May I let my voice be a clarion call. I will use these words for justice. I will use these words for truth. And humour.

Monday, October 26, 2009


What does the clove cigarette ban tell us?

From the FDA's website:
On September 22, 2009 a ban on cigarettes containing certain characterizing flavors went into effect. The ban, authorized by the new Family Smoking Prevention and Tobacco Control Act, is part of a national effort by FDA to reduce smoking in America.

According to the act

…a cigarette or any of its component parts (including the tobacco, filter, or paper) shall not contain, as a constituent (including a smoke constituent) or additive, an artificial or natural flavor (other than tobacco or menthol) or an herb or spice, including strawberry, grape, orange, clove, cinnamon, pineapple, vanilla, coconut, licorice, cocoa, chocolate, cherry, or coffee, that is a characterizing flavor of the tobacco product or tobacco smoke

In short, it's not illegal to possess them, but it is illegal to sell them. However, you can't get them anymore because nobody's able to sell. It's supposedly to keep kids from starting smoking. That lie is so easy to see through, because this legislation was supported by Philip Morris, an American cigarette manufacturer.
This is about US tobacco companies getting a stronger hold on the US tobacco market, by literally making the competition illegal. In fact, if you look closely, you'll note that this legislation goes against legislation in the WTO agreement that the US signed onto.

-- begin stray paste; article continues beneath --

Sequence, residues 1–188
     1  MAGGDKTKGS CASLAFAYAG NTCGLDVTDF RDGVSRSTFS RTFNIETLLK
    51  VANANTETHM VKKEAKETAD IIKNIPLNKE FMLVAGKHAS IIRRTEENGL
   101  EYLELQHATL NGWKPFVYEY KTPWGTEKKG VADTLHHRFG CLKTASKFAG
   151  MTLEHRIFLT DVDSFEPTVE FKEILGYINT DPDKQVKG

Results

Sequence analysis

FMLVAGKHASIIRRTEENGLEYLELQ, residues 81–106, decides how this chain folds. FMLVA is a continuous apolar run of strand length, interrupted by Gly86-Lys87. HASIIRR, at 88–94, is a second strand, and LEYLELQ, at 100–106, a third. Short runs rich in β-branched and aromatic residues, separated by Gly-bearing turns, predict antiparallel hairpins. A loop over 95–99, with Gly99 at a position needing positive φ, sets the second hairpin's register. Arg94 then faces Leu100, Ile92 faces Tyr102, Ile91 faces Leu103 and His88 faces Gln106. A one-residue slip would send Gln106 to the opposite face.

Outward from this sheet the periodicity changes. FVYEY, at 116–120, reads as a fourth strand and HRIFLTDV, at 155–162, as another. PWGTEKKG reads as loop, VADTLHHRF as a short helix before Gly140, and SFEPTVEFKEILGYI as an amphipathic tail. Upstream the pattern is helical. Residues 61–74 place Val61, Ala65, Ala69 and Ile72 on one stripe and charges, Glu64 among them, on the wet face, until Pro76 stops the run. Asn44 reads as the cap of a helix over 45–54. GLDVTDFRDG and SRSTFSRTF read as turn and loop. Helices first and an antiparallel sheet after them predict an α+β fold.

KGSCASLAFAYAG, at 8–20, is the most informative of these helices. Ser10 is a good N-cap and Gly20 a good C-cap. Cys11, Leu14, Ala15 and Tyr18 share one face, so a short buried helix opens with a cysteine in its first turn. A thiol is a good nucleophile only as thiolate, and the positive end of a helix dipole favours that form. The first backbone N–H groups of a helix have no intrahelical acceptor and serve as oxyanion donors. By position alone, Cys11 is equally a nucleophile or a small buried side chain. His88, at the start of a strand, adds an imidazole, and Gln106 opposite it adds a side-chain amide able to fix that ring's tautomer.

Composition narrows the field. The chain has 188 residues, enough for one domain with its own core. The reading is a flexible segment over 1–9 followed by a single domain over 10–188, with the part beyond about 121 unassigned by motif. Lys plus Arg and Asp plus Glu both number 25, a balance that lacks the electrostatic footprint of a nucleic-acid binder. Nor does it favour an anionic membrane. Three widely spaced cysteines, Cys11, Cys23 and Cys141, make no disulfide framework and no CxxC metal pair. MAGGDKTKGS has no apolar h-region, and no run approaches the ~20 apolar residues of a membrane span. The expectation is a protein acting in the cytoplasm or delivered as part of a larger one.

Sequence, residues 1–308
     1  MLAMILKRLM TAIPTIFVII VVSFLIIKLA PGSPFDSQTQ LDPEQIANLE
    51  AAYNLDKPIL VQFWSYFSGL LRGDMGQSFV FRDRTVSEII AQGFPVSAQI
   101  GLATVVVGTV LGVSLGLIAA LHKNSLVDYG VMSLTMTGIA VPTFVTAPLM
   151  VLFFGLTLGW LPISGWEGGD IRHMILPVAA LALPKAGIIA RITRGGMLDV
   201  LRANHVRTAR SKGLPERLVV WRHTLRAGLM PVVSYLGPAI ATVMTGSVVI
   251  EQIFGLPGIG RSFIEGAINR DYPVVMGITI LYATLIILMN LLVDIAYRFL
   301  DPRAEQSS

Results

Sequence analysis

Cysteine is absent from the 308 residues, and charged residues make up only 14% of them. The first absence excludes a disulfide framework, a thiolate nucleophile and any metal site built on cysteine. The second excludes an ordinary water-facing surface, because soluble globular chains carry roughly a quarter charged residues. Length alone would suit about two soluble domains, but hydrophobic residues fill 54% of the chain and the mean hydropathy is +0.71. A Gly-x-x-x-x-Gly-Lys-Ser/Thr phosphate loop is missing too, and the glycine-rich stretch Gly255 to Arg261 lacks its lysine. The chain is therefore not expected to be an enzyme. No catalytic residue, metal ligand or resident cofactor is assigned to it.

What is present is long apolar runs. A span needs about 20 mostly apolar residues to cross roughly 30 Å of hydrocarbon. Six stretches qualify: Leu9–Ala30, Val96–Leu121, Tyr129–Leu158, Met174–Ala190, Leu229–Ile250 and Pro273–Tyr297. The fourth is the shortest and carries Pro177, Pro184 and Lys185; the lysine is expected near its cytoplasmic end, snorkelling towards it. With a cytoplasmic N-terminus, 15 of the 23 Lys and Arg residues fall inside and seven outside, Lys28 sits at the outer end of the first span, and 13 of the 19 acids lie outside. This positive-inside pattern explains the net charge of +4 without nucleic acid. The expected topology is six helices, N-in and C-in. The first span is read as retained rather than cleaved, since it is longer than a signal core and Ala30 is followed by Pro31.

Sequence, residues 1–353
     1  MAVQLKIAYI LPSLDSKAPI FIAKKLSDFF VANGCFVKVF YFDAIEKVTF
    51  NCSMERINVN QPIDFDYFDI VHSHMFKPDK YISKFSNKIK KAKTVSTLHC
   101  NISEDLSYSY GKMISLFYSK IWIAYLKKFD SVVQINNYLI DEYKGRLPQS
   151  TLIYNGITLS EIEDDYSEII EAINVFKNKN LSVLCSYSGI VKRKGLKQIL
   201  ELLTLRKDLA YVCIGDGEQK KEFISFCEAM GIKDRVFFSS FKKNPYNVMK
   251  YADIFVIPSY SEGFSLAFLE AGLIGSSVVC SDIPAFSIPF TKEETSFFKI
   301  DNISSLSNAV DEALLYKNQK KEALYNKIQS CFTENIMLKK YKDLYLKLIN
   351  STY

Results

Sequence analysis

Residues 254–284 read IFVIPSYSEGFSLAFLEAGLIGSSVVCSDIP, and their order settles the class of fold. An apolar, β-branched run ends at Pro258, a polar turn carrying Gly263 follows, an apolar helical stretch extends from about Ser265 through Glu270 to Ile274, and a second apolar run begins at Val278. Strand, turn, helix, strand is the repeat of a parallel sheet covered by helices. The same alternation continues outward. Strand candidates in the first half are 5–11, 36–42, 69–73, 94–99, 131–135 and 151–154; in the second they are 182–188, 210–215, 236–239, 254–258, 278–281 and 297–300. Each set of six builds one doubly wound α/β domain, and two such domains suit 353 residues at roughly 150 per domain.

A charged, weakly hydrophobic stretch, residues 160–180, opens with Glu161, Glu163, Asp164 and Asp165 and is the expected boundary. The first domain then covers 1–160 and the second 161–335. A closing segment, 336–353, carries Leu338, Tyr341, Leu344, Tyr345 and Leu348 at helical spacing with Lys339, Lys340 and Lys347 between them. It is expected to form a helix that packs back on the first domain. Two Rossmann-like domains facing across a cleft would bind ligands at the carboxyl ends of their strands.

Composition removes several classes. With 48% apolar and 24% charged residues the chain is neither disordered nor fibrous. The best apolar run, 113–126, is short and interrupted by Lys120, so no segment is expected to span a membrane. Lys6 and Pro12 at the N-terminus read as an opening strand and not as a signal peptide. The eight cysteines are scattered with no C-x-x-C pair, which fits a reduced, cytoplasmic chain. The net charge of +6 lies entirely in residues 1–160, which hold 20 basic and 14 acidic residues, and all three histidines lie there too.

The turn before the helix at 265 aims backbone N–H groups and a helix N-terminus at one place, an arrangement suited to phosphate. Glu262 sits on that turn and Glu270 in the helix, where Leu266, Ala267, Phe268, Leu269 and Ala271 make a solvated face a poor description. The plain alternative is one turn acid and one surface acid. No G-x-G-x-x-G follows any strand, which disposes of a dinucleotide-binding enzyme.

This is remarkably similar to the conspiracy of the corporate power grab against industrial hemp, except this one is obvious and right in front of us. It's hard to say where the industrial hemp suppression originally came from, but at this stage, it's obvious that it should no longer be suppressed (for environmental and economic reasons). The main reasons now for not legalizing industrial hemp are:
Compare the complexities regarding the illegality of hemp and marijuana to the simple change of making clove cigarettes illegal. The former two remain illegal because of the ability to wield a continuance of economic and social power (including the drug war's value as a tool for perpetuating a powerful institutional form of racism), and the latter is simply a bald-faced power-grab by the corporations who have the most to gain, though considering how many menthol cigarette cartons I've seen in downtown Oakland, one could build an argument that race and class play a factor in the cigarette policies as well.

pax hominibus,
agape to all,

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